"It wasn't there yesterday, or wouldn't have been if yesterdays existed here.
"Bony fingers close around it and hold it up to the light.
"It's got a name on it, in small capital letters.
"The name is DEATH."
So, now that Death of Discworld, old Mr. Bones himself discovers he's about to shuffle off this immortal coil, bite the Big One, cease to exist, dissolve and leave not a rack of ribs behind---what's he going to do?
He decides to Hell with it (or to It with hell) and goes on vacation.
No Death means no one on Discworld can truly die, including a one-hundred-and-three year-old wizard named Windle Poons, oldest faculty member of the Unseen University. He is scheduled to pass over into the Great Beyond at 9:30 P.M., in the midst of a 'going-away' party that his fellow wizards are throwing for him.
A few seconds past the appointed half hour, Windle swigs his last rum and dies--sort of. But the Big Guy with the scythe doesn't show up, so Windle finally climbs back into his one-hundred-and-three year-old body. He's neither alive nor dead and what's worse, another faculty member has already moved into his room.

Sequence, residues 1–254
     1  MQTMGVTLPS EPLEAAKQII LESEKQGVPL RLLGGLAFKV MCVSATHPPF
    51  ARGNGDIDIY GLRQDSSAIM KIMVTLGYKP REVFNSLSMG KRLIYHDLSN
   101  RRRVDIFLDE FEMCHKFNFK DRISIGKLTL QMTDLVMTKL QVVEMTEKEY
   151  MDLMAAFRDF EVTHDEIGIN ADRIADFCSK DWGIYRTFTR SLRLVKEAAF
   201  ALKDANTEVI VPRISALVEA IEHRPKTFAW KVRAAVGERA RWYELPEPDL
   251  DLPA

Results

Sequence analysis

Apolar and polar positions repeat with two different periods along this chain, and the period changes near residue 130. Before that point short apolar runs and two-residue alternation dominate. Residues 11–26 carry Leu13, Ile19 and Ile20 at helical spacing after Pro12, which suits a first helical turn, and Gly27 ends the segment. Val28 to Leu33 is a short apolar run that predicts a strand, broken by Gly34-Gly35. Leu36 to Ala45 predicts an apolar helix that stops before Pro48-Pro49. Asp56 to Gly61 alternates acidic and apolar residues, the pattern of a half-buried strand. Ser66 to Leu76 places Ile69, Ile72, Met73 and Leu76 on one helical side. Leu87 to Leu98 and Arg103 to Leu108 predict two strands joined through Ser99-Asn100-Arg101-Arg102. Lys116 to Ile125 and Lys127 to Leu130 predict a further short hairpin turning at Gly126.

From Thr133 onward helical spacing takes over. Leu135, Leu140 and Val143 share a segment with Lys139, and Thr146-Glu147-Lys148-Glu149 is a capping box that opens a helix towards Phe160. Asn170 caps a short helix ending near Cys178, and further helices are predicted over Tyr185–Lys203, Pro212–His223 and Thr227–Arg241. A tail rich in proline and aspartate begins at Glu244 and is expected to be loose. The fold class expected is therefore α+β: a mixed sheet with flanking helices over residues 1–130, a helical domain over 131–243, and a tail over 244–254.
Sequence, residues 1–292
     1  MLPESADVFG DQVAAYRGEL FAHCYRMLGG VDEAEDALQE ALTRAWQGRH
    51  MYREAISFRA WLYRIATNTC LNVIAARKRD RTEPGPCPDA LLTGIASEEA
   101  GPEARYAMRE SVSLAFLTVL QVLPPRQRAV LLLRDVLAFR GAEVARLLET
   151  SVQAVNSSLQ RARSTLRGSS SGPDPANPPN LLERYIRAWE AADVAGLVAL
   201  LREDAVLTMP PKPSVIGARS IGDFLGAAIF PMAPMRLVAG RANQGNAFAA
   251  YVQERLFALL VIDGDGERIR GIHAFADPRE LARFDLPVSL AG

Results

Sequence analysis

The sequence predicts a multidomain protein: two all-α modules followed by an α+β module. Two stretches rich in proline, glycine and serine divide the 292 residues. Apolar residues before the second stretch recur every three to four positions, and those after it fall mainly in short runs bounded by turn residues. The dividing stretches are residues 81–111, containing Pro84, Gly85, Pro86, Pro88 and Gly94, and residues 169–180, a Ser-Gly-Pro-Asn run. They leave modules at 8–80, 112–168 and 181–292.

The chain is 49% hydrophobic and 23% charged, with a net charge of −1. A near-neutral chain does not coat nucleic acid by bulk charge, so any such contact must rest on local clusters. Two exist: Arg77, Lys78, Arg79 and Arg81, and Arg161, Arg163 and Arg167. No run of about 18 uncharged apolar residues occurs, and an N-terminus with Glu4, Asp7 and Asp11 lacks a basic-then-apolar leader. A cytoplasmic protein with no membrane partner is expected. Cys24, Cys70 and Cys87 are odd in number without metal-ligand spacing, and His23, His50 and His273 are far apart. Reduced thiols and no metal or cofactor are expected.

Read "Reaper Man" to find out how its two unlikely heroes, Death and Windle Poon are finally reconciled.
P.S. I'd like know how Terry Pratchett keeps coming up with all of these wacky Discworld stories. In "Reaper Man," one character says nothing but 'SQUEAK' and another says nothing but 'Oook,' and yet I understand them--and really like them. Death also seems like an okay sort of dude, although I wouldn't invite him to my going-away party.
P.P.S Don't take that personally, Mr. Bones!